Education leaders discuss possible models for performance-based funding with legislators
At a meeting of the Budget Review Subcommittee on Postsecondary Education Thursday, lawmakers heard testimony from education leaders concerned with the way state funds are distributed among state universities and see a need for a performance-based funding model.
At Northern Kentucky University’s METS Center, NKU President Geoffrey Mearns explained the struggles faced by his university when it comes to funding despite high performance rates.
Mearns said the way state dollars are distributed to universities based on enrollment has been in place for 15 years and is outdated. Mearns says the system hurts schools like NKU and Western Kentucky Universities who are seeing high performance numbers but students are having to pay more to attend the schools than at one of the bigger state schools.
Also presenting at the committee, Council on Postsecondary Education (CPE) President Bob King began by discussing the issues faced by the higher education community over the last decade since funding began to decline.
King said the state used to be a leader in education but has seen itself drop to the bottom of many lists due to the lack of funding.
A common misconception, King stated, is that colleges raising tuition offsets the funding cuts they face. However, King said the universities have many other increased costs seen in recent years, including increased payments into the state’s pension systems, which have set them back (seen in graph).
Because of all the issues faced by the universities, King said CPE has been discussing many different options for implementing a funding model based on performance, mission, enrollment, parity and adequacy. King said the group will continue working on the proposal and make a possible legislative push during the 2016 session.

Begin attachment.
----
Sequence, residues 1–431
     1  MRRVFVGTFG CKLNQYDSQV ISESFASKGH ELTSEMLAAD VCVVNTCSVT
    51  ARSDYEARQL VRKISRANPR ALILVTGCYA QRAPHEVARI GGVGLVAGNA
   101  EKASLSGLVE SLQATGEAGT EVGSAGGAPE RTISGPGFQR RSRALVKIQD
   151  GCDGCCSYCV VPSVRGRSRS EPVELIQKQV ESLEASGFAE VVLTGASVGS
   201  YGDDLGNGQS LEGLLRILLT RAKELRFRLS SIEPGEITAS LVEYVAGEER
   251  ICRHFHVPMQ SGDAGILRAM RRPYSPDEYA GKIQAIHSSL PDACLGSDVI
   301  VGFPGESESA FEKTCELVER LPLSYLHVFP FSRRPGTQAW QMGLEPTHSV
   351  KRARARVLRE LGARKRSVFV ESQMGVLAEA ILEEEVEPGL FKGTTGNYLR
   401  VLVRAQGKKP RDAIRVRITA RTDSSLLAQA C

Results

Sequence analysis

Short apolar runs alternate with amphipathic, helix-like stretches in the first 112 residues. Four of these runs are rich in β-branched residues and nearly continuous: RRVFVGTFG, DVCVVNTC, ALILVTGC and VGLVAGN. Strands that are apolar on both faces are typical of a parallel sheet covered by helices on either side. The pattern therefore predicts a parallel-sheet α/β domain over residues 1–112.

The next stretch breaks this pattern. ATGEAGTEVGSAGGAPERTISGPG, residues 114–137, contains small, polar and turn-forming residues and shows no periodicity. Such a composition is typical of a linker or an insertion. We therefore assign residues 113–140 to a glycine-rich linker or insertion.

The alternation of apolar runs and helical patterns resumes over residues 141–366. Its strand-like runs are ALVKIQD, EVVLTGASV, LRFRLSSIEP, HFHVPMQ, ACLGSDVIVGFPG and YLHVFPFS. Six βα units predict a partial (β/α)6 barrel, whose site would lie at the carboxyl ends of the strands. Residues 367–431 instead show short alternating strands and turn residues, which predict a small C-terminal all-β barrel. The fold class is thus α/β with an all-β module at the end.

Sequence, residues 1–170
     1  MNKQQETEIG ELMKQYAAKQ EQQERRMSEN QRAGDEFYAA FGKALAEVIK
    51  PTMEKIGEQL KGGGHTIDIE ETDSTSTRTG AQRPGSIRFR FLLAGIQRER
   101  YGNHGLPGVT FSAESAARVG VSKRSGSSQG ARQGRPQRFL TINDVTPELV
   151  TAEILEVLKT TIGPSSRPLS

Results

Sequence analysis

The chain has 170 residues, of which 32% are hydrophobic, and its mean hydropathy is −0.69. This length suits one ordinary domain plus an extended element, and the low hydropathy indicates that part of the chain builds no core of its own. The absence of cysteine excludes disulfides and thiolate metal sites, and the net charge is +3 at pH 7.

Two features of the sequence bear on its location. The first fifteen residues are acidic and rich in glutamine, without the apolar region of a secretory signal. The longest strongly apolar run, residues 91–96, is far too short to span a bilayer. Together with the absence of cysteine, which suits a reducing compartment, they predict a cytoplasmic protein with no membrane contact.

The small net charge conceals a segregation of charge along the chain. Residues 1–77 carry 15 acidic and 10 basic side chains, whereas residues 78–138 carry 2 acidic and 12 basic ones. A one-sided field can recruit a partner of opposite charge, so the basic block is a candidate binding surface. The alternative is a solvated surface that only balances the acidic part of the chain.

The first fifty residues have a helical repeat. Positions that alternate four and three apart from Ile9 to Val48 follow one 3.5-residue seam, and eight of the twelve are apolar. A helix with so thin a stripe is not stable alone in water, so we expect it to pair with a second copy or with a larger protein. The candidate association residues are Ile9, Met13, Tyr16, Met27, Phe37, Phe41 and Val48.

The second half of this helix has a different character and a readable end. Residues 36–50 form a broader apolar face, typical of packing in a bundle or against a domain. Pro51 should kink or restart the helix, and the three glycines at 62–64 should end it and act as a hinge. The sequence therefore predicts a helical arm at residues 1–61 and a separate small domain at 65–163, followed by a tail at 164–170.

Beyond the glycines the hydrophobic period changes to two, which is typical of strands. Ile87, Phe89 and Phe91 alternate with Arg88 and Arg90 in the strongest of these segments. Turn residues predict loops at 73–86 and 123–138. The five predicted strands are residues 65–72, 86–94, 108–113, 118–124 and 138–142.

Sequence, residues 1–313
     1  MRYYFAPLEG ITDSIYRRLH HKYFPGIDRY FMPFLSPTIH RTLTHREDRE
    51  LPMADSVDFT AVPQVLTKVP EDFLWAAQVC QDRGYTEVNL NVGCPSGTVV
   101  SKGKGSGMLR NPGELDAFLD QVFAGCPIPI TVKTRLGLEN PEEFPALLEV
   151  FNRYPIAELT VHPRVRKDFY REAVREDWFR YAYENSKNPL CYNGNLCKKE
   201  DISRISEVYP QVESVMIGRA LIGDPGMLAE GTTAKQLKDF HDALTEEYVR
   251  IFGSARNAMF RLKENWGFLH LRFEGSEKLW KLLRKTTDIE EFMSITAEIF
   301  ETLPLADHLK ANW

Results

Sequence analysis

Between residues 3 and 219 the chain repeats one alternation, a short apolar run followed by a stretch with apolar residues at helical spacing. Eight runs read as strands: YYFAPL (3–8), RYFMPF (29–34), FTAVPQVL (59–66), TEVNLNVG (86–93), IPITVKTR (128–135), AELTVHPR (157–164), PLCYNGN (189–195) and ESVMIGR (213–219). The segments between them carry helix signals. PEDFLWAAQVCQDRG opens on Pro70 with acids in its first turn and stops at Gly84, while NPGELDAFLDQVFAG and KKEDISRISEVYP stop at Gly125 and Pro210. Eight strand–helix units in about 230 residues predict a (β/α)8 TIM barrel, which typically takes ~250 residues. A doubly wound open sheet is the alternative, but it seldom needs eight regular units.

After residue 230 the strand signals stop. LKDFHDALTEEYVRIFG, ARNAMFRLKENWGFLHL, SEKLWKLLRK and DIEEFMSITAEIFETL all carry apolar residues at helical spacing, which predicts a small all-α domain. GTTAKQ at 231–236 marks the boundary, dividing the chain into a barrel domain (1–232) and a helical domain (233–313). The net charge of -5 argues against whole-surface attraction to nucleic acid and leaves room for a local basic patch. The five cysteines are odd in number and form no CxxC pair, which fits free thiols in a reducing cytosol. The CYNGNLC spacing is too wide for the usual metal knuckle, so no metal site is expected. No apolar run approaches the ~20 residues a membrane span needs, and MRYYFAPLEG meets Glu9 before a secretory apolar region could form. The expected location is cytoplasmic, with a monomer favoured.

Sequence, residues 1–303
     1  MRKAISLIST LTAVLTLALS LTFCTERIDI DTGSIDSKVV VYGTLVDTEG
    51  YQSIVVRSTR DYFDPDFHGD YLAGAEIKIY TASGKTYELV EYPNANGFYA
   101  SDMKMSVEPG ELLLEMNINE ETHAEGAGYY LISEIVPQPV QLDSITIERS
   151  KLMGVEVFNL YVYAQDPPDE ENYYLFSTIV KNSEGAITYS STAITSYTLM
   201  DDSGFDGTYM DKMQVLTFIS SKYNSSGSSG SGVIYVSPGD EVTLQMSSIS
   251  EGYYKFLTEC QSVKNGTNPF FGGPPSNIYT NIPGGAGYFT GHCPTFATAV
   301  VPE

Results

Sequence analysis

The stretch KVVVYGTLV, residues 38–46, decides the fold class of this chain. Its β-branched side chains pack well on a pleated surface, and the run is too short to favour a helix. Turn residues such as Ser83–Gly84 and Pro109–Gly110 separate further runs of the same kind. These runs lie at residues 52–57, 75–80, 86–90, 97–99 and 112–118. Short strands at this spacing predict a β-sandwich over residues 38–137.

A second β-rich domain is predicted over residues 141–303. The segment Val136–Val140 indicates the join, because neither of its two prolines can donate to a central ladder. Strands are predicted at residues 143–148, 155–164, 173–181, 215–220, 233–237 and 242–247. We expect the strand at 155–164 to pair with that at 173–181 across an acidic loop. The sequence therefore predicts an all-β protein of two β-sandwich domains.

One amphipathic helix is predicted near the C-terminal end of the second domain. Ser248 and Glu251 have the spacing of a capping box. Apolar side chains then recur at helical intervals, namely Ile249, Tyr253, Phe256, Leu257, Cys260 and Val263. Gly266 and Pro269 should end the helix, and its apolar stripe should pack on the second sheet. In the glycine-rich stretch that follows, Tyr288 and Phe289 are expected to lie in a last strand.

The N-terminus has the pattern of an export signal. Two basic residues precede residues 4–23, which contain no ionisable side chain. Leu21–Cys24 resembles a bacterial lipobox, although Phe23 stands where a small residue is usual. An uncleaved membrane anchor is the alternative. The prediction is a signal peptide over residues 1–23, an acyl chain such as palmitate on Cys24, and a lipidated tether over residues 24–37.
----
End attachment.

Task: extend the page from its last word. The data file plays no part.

King explained that the university presidents have been discussing different models of performance-based funding but have not yet reached a compromise solution.
Two key models for allocating funds were explained to the committee including:
- a model which has universities compete against each other for funding and;
- a model where universities compete against a negotiated targets for amounts appropriated.
King explained that both models are in discussion. The second model could revolve around a set of potential metrics decided upon by CPE and chosen for each school.
When asked how the metrics would be set for each university, King told legislators that CPE has discussed the possibility of the universities being responsible for meeting no more than five negotiated targets, three of which would be common among all the campuses and two metrics to be chosen by each school from an agreed upon list. In his presentation, King said some of the metrics could include:
- Degrees produced
- Graduation rates
- Retention rates
- Closing achievement gaps
- Research productivity
- Types of degrees
- Degrees per full time equivalent students
A main concern expressed through questions from legislators centered around the idea that a competition structure sets the state up for picking winners and losers when it comes to who gets funding.
Sen. David Givens of Greenville stated he believed the Senate could be more comfortable with a hybrid of both models to avoid such an issue. King again stated that all possibilities are in discussion.